Auto giant General Motors and Japanese car maker Honda will jointly develop two next-generation electric vehicles using GM’s proprietary Ultium batteries and accompanying EV platform, Honda announced in a statement on Friday.
The Ultium battery and GM’s new electric vehicle platform, first unveiled at the auto-maker’s “EV Day” in early March, will be paired with Honda bodies and interiors, developed using expertise from both companies, and made at GM factories in the US.
The new electric car models to be born of the joint venture are slated to go on sale in 2024 in the US and Canada, says Honda, although there were no more details given at the time about what kind of vehicles they might be.
Honda has one all-electric vehicle under its belt to date, the cutesy Honda e hatchback that has all the quirkiness of a cartoon character.
General Motors and Honda had already established a working relationship around zero emissions vehicles, including collaboration on the autonomous GM Cruise and also on hydrogen fuel cells.
The new collaboration will combine the strengths of both companies, says executive VP for Honda in America, Rick Schostek, and will help Honda to reduce costs in order to further embrace the age of electric transport.
“This expanded partnership will unlock economies of scale to accelerate our electrification roadmap and advance our industry-leading efforts to reduce greenhouse gas emissions,” he said in a statement.
“This agreement builds on our proven relationship with Honda, and further validates the technical advancements and capabilities of our Ultium batteries and our all-new EV platform,” said Doug Parks, executive VP of GM’s global product development, purchasing and supply chain department in a statement.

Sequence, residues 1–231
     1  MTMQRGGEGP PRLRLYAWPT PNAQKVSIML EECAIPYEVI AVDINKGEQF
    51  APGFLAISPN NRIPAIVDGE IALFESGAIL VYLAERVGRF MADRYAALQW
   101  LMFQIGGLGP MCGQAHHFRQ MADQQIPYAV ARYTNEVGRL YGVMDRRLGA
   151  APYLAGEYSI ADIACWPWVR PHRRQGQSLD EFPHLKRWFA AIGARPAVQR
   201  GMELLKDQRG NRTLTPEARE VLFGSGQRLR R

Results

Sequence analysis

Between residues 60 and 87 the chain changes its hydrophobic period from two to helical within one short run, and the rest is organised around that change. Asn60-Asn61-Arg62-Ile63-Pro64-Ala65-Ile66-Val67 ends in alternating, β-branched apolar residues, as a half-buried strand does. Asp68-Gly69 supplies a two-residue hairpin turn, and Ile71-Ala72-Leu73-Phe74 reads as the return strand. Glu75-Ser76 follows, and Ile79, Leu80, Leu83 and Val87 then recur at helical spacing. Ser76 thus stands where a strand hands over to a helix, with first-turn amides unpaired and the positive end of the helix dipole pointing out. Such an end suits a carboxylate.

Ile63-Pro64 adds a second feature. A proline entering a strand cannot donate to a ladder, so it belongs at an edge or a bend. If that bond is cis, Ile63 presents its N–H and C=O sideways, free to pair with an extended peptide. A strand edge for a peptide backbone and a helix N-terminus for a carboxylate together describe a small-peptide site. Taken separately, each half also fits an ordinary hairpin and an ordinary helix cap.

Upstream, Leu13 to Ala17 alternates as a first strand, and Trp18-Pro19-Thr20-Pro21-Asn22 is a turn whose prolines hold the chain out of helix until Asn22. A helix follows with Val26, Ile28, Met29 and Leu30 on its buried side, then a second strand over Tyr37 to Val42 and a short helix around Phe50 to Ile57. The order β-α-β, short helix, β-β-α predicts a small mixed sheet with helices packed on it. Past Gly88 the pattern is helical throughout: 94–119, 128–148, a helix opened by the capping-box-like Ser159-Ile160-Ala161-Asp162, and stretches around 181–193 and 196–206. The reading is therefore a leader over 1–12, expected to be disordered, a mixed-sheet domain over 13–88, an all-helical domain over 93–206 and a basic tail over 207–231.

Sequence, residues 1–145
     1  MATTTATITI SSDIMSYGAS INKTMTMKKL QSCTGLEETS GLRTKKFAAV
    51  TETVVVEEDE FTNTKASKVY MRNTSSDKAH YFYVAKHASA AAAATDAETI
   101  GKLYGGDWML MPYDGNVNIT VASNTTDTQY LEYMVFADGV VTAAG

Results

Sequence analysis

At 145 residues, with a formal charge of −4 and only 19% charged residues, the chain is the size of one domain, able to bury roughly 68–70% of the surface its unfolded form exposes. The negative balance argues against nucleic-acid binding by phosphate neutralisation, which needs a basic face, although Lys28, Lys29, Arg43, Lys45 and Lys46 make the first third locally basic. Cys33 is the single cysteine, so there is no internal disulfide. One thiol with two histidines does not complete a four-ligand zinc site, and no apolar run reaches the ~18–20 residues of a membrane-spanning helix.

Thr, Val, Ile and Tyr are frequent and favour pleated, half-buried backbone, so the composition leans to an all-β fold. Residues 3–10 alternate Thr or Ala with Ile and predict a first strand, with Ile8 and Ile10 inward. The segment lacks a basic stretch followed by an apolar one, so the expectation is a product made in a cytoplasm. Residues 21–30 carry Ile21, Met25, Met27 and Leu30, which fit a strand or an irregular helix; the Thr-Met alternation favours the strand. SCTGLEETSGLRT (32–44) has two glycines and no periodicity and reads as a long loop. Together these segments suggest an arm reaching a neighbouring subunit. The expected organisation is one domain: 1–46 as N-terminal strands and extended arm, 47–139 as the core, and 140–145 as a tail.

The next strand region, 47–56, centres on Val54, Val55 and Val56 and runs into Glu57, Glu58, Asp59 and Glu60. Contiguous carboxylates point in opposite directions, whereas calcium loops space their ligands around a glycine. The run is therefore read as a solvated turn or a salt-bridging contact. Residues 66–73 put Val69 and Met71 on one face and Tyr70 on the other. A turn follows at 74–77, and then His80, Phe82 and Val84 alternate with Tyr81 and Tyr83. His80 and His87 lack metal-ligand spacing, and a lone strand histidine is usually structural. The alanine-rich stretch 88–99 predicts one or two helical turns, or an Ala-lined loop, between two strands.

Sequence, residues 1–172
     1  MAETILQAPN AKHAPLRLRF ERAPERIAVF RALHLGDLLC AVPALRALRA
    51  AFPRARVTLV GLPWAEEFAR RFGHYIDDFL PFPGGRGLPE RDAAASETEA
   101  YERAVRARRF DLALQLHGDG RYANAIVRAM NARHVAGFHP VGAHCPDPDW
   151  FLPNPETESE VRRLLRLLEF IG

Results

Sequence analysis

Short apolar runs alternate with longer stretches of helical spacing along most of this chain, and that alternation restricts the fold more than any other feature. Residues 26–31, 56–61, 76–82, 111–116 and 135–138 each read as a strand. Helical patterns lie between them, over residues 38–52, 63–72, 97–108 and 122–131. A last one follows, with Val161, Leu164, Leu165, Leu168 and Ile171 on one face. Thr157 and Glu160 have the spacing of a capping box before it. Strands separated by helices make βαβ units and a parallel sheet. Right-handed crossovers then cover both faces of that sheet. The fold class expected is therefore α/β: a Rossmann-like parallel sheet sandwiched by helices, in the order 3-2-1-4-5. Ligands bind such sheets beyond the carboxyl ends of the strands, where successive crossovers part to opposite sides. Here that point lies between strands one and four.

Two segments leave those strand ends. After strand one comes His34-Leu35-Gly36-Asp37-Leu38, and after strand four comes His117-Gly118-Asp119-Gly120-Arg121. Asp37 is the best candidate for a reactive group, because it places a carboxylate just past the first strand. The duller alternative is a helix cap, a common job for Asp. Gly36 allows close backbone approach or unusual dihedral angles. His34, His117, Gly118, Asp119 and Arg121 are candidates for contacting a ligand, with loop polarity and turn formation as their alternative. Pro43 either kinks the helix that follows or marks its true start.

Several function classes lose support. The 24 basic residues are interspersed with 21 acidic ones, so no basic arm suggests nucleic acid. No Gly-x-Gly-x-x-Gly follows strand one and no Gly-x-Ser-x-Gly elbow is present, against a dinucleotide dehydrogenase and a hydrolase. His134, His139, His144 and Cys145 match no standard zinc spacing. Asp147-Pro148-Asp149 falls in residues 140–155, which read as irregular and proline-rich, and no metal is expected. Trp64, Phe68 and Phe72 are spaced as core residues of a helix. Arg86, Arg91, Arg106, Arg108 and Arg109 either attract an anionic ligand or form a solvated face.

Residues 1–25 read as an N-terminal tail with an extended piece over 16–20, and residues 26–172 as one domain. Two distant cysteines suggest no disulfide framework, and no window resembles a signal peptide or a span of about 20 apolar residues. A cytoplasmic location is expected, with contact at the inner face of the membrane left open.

“Importantly, it is another step on our journey to an all-electric future and delivering a profitable EV business through increased scale and capacity utilisation. We have a terrific history of working closely with Honda, and this new collaboration builds on our relationship and like-minded objectives.”
The vertically or horizontally stackable Ultium battery uses a proprietary low-cobalt chemistry that GM says will enable it to pack up to 200kWh energy capacity into its 10 planned electric models including an “electric utility vehicle” based on the now-delayed Bolt EV, a Cadillac Lyriq luxury SUV, and a Hummer EV.
Using a 400V architecture for smaller models, larger models with 800V architecture will be able to achieve ultra-rapid charging speeds of 350kW.
Honda will also utilise GM’s OnStar safety and security services integrated with its own Hondalink, as well as the US car maker’s advanced “hands-free” driver assist technologies.
Honda is also in talks with another car maker to which it may also extend its partnership, says Schostek.
“We are in discussions with one another regarding the possibility of further extending our partnership,” Schostek said.
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Bridie Schmidt is lead reporter for The Driven, sister site of Renew Economy. She specialises in writing about new technology and has been writing about electric vehicles for two years. She has a keen interest in the role that zero emissions transport has to play in sustainability and is co-organiser of the Northern Rivers Electric Vehicle Forum.